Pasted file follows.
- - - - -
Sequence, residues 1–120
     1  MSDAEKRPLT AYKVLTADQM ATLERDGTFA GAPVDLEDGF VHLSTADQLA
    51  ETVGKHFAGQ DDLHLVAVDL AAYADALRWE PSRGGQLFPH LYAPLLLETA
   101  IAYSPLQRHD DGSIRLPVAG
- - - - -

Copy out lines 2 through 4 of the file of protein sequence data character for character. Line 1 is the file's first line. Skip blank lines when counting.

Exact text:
     1  MSDAEKRPLT AYKVLTADQM ATLERDGTFA GAPVDLEDGF VHLSTADQLA
    51  ETVGKHFAGQ DDLHLVAVDL AAYADALRWE PSRGGQLFPH LYAPLLLETA
   101  IAYSPLQRHD DGSIRLPVAG